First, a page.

Improve Your Trail Running Speed with Hill Exercises

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Understanding how to improve your running through specific training methods can be complex. Often, it's hard to pinpoint exactly what works best because many factors are involved. Think of it like trying to find a clear cause-and-effect relationship; it's not always straightforward. However, some strategies consistently show positive results, like taking sufficient rest, eating well, and including easy runs in your training.

One effective method is incorporating short hill runs, or power hill strides, into your routine. These involve running up a hill for about 15 to 30 seconds, followed by an easy jog or walk back down for recovery, and they're a common element in the training for many athletes. I saw significant improvements by frequently using these exercises and emphasizing the power aspect of the strides. Here is how we use power Hills strides:

Each stride is 15 to 30 seconds up a moderate grade of 4-8% (20 seconds seems to be a sweet spot)

Recoveries involve jogging back down and around until you are ready, usually 60 to 90 seconds.

Aim to do 4 to 8 of them.

Aim to do them one to three times per week.

While the benefits of hill strides might not be universally proven, the principle behind them is sound.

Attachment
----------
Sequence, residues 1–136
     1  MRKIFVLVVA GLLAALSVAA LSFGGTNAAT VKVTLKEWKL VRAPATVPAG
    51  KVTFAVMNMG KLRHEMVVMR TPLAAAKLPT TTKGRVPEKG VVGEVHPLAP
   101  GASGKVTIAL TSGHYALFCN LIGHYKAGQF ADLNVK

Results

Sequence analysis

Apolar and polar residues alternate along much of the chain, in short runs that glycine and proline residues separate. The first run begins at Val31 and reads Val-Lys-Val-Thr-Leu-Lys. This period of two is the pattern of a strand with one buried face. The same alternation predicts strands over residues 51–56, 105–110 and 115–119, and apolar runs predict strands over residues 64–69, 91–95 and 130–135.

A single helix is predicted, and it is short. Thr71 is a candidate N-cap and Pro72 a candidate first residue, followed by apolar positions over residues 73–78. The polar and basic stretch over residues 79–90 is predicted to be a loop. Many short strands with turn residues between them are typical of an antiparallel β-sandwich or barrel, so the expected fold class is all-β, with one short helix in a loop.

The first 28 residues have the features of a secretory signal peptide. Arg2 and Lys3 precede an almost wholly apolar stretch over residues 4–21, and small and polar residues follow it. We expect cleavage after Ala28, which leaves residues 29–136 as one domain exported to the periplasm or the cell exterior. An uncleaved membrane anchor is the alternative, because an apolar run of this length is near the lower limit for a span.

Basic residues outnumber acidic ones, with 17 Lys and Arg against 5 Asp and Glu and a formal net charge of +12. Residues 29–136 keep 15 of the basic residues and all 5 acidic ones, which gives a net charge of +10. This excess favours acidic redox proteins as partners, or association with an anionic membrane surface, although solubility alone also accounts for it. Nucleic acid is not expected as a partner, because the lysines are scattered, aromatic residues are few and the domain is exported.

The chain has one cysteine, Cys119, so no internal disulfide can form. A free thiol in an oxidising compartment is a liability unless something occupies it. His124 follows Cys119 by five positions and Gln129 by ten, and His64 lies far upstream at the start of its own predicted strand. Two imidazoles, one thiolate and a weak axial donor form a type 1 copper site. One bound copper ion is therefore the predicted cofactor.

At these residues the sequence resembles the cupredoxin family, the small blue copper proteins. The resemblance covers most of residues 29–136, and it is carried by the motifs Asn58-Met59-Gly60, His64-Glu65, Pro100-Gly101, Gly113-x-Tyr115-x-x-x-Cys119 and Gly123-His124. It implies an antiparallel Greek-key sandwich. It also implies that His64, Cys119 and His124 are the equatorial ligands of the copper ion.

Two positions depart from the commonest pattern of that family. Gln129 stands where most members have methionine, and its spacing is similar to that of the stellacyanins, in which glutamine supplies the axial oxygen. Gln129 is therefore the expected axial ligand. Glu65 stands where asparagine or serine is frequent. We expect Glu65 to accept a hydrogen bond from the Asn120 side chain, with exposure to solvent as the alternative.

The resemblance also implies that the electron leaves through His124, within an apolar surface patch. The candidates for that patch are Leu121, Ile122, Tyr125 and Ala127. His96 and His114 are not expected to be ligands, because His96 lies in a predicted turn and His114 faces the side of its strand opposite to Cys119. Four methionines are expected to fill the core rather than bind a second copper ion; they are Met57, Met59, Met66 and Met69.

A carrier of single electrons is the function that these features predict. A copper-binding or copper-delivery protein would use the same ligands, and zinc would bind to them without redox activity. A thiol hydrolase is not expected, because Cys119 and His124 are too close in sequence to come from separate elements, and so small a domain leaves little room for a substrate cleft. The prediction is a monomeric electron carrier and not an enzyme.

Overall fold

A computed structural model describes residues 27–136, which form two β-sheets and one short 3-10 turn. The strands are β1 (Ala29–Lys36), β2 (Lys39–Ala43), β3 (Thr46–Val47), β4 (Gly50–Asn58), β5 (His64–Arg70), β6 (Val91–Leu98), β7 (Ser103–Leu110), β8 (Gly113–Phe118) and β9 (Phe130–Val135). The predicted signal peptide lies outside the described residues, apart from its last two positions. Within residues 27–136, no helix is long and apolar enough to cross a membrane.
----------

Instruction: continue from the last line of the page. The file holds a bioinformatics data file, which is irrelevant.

High-speed, short bursts of effort can enhance your running efficiency, meaning you'll use less energy at your usual pace.

This is partly because such exercises can improve both your heart's efficiency and your muscles' ability to handle quick, powerful movements.

Hill strides also encourage neuromuscular adaptations, essentially training your brain and muscles to work together more effectively, leading to improvements in your running economy over time. It is best to start using hill strides early in the training as a way to safely get used to higher-effort running. As you progress, you might shift the focus to flat-ground strides for speed development before returning to hill strides for sustained power improvement.

The key to hill strides is to approach them with a focus on strong, powerful steps rather than simply trying to move your legs as fast as possible. Start gently and gradually increase your effort, ensuring you don't strain yourself.

Remember, these strides are meant to be adapted based on each runner's individual background and should be enjoyable. They offer a unique way to build strength and speed, potentially making a significant difference in your running performance.

In short, while running training theories can be complex and uncertain, certain strategies like power hill strides stand out for their potential to foster long-term growth in runners.

Just remember, the aim is to improve, not to push yourself to the point of injury.

And who knows? You might even find these exercises to be a fun addition to your training regimen.